In the midst of great emotional trauma, even though we often want things to pause just for a moment so we can process or grieve, life demands that we press on. Bills need to be paid, children need to be fed and prescriptions need to be filled.
Although those tasks can be difficult to do while carrying around so much emotional weight, it sometimes provides the opportunity for people around us to bless us in small but meaningful ways. It’s something that a North Carolina mother experienced this week after her 19-year-old son was shot and rushed to the hospital.
Emoni Hardy’s teenage son drove to Raleigh after he finished work to visit his older sister. According to reports, he saw an argument that ultimately ended with him being shot in the shoulder.
When Hardy found out, her heart immediately dropped as she faced a reality that no parent ever wants to face.
She told WTVD, “I’m just like hysterical, don’t know what to do, didn’t know what to grab, and I just ran out the door.”
Hardy frantically made her way to the emergency room where her son was being treated. She wasn’t able to see him right away, but once she was able to see him some of her worries were eased.
“He was laying the bed with the thing on his neck but he was talking,” she recalled. “He was moving, so I was kind of at ease a little but still was scared. Didn’t know if he was going to be paralyzed or anything.”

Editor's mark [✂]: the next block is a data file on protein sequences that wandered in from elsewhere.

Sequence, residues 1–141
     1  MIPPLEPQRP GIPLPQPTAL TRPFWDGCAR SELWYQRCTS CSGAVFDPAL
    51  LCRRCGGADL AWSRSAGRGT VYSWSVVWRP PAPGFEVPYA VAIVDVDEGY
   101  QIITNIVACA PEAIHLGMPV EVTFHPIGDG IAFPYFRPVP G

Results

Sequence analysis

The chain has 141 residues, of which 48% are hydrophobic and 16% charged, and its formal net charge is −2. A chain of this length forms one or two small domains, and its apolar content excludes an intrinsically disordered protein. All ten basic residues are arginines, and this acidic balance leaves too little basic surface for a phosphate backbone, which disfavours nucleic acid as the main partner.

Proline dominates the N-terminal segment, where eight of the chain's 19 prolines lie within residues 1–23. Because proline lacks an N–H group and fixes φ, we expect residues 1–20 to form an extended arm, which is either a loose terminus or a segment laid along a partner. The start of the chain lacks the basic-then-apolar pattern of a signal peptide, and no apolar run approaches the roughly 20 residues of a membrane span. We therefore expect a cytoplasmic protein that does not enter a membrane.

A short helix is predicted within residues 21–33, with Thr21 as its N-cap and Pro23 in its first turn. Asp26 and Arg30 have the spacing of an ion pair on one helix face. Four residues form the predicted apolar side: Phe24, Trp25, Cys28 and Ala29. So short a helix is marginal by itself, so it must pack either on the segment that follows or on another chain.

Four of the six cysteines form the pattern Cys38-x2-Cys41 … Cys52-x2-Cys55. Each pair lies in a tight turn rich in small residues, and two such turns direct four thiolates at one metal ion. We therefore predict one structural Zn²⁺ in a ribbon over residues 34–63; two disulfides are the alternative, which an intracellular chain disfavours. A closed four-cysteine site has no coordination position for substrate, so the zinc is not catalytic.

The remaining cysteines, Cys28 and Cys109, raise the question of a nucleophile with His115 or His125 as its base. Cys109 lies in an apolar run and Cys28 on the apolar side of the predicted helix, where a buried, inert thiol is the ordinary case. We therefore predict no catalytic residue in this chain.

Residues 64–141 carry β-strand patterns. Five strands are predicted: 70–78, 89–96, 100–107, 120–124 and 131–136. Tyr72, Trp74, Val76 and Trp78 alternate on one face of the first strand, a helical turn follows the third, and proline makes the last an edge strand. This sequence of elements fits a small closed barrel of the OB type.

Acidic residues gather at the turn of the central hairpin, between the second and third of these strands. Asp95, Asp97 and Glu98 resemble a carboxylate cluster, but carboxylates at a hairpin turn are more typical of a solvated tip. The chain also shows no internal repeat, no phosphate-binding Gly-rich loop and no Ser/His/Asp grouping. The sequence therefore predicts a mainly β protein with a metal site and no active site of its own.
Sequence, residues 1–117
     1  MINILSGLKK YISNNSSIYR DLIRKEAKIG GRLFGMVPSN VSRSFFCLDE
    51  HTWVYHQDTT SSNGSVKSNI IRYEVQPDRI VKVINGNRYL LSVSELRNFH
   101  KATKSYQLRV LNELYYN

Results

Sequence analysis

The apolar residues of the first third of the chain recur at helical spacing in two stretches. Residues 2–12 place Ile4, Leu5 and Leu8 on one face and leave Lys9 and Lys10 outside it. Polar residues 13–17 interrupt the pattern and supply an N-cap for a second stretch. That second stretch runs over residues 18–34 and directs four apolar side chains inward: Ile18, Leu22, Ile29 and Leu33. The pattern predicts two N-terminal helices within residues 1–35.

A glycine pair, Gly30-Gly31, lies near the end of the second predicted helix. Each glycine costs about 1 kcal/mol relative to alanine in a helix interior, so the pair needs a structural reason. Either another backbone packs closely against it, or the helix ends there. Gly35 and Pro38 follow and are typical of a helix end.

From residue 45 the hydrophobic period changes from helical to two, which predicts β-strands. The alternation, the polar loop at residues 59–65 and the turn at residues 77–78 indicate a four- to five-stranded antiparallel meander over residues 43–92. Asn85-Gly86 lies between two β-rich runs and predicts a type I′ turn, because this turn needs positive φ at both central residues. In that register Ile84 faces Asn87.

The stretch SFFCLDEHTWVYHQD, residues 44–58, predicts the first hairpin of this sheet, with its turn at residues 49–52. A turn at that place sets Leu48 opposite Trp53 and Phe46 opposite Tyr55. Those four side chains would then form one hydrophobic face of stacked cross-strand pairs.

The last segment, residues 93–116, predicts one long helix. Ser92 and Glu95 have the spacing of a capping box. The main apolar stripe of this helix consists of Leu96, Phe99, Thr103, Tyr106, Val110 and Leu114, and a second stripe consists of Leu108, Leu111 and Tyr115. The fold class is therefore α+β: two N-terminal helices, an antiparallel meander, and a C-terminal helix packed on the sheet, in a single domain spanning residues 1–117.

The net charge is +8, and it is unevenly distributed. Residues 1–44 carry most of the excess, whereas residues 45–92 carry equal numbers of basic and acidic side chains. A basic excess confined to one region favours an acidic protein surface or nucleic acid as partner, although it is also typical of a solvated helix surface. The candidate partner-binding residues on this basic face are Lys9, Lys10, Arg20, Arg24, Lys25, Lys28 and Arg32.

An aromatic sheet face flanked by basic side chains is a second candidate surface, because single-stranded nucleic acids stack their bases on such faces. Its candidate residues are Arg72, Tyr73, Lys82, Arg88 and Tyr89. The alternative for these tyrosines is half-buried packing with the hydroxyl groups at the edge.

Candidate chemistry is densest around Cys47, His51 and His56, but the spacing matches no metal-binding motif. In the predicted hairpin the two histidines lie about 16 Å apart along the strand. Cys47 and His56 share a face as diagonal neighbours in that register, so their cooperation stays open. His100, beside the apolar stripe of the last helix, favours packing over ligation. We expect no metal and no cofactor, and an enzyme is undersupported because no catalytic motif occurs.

Later, after the medical staff at the hospital cleared Hardy’s son to go home, Hardy made sure that he was settled before driving to the nearby Walgreens to pick up his prescriptions.
After giving the pharmacy tech her name, she sat down to wait for the prescriptions to be filled.
It was in this moment, when her momentum finally slowed, that the heavy emotions of the day hit her all at once. It was a visibly emotional moment for her, which prompted some employees to console her.
Once the prescriptions had been filled, however, she realized that the $60 she had pulled out of the ATM on the way to drugstore was missing. Not being able to pay for the medicine only added to the weight of the day.
“When I got ready to pay the money was gone. I don’t know if I dropped it in the process of leaving out of here, going to the Walgreens. I don’t know what happened,” she said.
She called her brother and asked if he would come and pay for the medicine, but before he arrived one empathic manager approached her.
“She said, ‘It doesn’t matter. Go take care of your son.'” Hardy said. “You know she was like, ‘We have kids. I have a son and I understand. I feel your pain.'”
The kind act came at the perfect time for Hardy as she exhausted from the events of the day. She cried again and said she was overwhelmed by thankfulness.
The manager’s actions show how much we are able to positively impact someone’s life by showing compassion.
Hardy added, “God placed those people at that moment, at that time.”
Liftable, a brand of The Western Journal, has reached out to Hardy for comment but has not yet received a response. We will update this article if and when we do.
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